Schools face governance that features both local and centralized control. Site-based decision making has become more prevalent, placing new demands on teachers’ time, while public education financing compels strong dependence on central governments as well as systematization of policies throughout districts. Widespread accountability trends like standardized state assessments and school report cards have also complicated school leaders’ roles. External constituencies increasingly drive accountability frameworks, including business leaders pressuring schools to raise student achievement to meet the needs of the information economy, state governments implementing and assessing accountability plans, and a federal government requiring increased accountability.
Critics of external accountability mechanisms suggest that these mechanisms reduce local autonomy and narrow curricular and instructional options. Some critics think that school-based accountability mechanisms may be a more effective means of changing classrooms. A new professionalism is characteristic of teaching today, as entry requirements and professional standards rise and teaching concepts move toward more collaborative relationships, including mentoring, teaching teams, and continuous professional development. Teachers see themselves as members of a professional community involving both in-school and external groups. Some reforms and existing structures work to perpetuate standardized controls that conflict with professional concepts of teaching. Administrators thus work in contexts that may put them at odds with teachers even as they endeavor to address teachers’ needs.
Recurring dilemmas for educational leaders involve competing values, such as the professional value of classroom autonomy and the organizational value of cooperation that requires teachers to work together. Representative dilemmas involve tensions between leading and managing, addressing the system and the environment, and encouraging participatory decision making while concurrently striving to preserve teachers’ individual authority. Administrators must lead schools toward improved instruction while managing schools so that they function effectively. This traditional dilemma is becoming more difficult to handle as public expectations for improved schools rise. The dilemma is especially significant in poorer and smaller districts with fewer resources. As communities become more heterogeneous, schools must serve more students who are poor and whose native language is not English. Such pressures on school stability intensify the challenges of leading school improvement. Leaders must also manage internal operations of school systems at the same time as they address external exigencies. While superintendents have traditionally focused externally, today they must often focus internally. They must monitor individual school performance while they respond to governmental demands on their districts. Principals too must attend to their traditional internal role of managing schools while responding to external demands. The closer links that are being forged between schools and communities also require leaders to balance competing demands. School administrators must balance participatory leadership with the imperative to make difficult decisions that may not be collectively endorsed. Since participatory leadership requires the involvement of teachers and parents, administrators must invite participation while they are faced with circumstances that require immediate action. Accountability trends pressing leaders to make difficult choices that may not be satisfactory to all in the school community complicate leaders’ efforts to encourage participation and foster a consensus model.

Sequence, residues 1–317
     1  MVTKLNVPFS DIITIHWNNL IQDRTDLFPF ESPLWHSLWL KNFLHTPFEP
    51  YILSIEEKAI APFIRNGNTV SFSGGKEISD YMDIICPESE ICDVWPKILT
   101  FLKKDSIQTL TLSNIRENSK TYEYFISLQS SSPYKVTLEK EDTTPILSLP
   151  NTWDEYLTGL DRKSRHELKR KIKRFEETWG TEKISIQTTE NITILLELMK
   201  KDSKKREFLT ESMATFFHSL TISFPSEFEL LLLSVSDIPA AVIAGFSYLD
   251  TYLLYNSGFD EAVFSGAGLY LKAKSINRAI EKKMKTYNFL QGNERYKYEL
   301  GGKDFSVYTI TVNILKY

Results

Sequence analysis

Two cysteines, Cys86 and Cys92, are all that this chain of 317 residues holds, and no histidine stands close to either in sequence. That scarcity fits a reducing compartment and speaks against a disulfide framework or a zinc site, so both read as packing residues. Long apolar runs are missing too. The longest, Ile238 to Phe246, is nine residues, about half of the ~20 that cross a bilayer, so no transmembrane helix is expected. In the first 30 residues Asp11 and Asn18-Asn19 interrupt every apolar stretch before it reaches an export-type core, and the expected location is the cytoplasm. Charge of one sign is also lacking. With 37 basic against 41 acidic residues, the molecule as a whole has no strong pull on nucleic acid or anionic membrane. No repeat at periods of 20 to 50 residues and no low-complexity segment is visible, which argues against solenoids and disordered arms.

Today’s educational leaders must grapple with complex, dynamic educational systems while responding to social and political pressures. It is unclear how school systems will change under demands for new leadership. Bureaucratic frameworks may become more entrenched under pressure to implement standards and accountability testing consistently. Or, school systems may become increasingly autonomous, as parental school choice and market-style leadership gain favor. Alternatively, dissatisfaction with bureaucratic and market visions of schools could lead to schools increasingly focused on social justice. In any event, administrators face a difficult fusion of roles, contexts, and challenges. Effective educational leadership in the 21st century will require administrators committed to enacting strategies that make it possible for all children to succeed academically.